Understanding Your Skin

Could Breathwork Help To Remedy Your Stressed-Out Skin?

Stress is a natural human response which causes a chemical change in our bodies. This has an effect on everything from our immune system, digestion, and of course our skin. In moments of stress, a hormone called cortisol is released from our adrenal glands. When released at the right time, cortisol is an incredible help in stressful situations. It primes your body to respond to danger in the best way. However, if we are stressed out regularly at a low level, we’ll be producing more cortisol than we need and this is where we can start to see the less useful effects of cortisol come through. 

So, what does this mean for our skin? Well, the release of cortisol sends our sebum production into overdrive, causing inflammation, congestion and breakouts commonly in the lower jaw and chin area. It has also been shown to increase inflammation levels and exacerbate existing skin conditions including acne, eczema, psoriasis and contact dermatitis. Stress also has a detrimental effect on your barrier function, with studies showing that stressed-out skin has a higher rate of trans-epidermal water loss.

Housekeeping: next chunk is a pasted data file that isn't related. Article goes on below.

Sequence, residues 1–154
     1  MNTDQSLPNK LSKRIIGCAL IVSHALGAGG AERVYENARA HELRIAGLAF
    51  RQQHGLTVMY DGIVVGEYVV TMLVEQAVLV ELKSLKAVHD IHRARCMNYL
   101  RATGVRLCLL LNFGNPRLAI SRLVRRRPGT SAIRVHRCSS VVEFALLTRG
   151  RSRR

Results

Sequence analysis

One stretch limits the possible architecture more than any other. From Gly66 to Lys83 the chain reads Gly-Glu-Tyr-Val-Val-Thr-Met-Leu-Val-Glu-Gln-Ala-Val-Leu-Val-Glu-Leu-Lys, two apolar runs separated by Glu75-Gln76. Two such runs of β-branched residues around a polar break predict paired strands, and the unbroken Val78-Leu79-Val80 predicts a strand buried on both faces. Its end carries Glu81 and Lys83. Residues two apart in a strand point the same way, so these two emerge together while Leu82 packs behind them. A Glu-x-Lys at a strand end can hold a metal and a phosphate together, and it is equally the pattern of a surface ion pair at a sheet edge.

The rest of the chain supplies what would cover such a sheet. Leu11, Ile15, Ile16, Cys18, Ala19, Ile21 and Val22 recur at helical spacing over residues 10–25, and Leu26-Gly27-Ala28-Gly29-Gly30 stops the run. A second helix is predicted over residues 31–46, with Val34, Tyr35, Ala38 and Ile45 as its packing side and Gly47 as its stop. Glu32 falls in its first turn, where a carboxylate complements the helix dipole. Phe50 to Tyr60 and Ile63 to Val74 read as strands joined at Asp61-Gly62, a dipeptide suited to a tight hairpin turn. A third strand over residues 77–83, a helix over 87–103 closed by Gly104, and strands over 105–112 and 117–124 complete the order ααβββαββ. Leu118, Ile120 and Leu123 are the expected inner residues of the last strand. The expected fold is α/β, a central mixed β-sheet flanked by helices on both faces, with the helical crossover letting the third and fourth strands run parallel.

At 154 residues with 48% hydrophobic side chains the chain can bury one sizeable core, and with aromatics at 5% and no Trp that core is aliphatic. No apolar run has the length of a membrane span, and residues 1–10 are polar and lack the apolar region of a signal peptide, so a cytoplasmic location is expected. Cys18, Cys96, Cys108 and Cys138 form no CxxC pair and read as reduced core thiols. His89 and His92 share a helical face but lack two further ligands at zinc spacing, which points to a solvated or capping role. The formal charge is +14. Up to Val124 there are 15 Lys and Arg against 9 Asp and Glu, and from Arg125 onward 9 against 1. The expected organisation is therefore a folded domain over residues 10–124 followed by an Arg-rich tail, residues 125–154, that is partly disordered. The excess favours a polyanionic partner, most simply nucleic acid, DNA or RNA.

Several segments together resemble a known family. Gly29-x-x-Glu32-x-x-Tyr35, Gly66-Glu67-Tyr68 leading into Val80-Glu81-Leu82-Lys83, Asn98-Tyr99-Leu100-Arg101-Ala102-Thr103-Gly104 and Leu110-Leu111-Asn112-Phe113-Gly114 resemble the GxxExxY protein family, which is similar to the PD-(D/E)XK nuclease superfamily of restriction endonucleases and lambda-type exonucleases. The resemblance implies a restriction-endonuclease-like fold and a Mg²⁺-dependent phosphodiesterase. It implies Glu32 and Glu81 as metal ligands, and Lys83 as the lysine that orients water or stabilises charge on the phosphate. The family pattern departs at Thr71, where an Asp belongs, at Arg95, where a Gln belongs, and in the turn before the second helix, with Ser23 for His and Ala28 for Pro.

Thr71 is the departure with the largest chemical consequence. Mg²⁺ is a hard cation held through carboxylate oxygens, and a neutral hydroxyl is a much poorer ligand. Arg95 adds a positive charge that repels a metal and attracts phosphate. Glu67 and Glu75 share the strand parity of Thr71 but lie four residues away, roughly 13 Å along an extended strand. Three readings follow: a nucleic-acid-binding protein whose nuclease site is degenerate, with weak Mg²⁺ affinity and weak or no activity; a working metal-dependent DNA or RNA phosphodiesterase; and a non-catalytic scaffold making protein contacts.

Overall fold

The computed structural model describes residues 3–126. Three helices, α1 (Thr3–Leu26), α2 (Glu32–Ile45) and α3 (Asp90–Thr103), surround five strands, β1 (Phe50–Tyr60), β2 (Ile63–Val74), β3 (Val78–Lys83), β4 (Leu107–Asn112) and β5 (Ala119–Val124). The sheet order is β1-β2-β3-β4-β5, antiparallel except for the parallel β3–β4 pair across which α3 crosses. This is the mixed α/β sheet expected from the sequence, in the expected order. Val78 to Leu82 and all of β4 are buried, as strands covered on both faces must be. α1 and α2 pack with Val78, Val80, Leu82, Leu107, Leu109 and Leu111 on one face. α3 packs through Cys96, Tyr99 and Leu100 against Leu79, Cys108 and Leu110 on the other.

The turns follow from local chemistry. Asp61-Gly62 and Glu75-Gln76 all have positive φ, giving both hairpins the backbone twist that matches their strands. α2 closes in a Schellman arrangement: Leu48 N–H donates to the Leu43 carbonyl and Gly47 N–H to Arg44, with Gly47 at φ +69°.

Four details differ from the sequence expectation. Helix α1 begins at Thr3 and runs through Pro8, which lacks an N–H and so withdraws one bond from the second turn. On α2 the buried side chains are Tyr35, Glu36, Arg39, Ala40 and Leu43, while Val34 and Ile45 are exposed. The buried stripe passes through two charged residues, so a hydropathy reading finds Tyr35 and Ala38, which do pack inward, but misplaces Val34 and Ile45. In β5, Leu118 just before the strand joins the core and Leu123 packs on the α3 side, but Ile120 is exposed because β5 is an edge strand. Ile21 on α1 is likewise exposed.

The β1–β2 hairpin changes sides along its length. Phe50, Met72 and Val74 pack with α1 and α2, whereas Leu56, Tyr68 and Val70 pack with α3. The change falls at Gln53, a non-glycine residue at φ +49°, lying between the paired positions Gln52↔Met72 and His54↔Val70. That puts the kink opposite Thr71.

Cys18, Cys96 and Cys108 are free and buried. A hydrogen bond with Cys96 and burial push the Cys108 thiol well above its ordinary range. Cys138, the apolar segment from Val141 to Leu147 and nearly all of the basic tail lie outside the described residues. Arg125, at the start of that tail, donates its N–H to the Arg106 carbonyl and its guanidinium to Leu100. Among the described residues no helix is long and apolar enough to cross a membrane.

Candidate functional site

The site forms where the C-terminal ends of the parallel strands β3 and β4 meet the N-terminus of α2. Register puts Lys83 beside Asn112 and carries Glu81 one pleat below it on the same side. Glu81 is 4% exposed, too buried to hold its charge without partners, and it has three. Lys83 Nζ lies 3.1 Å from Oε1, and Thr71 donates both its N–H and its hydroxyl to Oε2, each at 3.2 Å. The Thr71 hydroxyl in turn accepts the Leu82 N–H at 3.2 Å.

Usually, skin clears and improves as your stress levels decrease but if you want to take action, or reduce your chronic stress levels and be more in control, then breathwork is really coming to the forefront as a technique that can be hugely beneficial to do that. 

To discover more about breathwork, we spoke with Artur Paulins, founder of the Breathwork Academy. Artur will also be taking over our #PSLIVE on 12th May for a breathwork session.

I see breathing and breathwork as a remote control for our nervous system...

...and if we can influence our nervous system, we can influence our body and our brain. Mentally, it can help us improve focus, reduce stress levels, improve sleep and overall cognitive performance. Physically, correct breathing can help improve our performance.

For me, there are 2 levels of breathwork. The first level is becoming aware of your breath. Then, as we build awareness, we can start to change and influence our breath to create a state shift.

Breathwork shifted my perspective and suddenly I became more content with the challenging situation I was in

I first discovered it around 8 years ago. I have been training and competing in martial arts and when I was competing in MMA and Brazilian jiu-jitsu,  I knew I had plenty of tools to train my body and there's plenty of resources to learn about that but I couldn't find any real resources how to manage my mindset which was the biggest differentiating factor. My coach recommended going to a Buddhist centre and I started reading books by freedivers about using breath and that was my first exposure. Since then I’ve been keeping up the practice.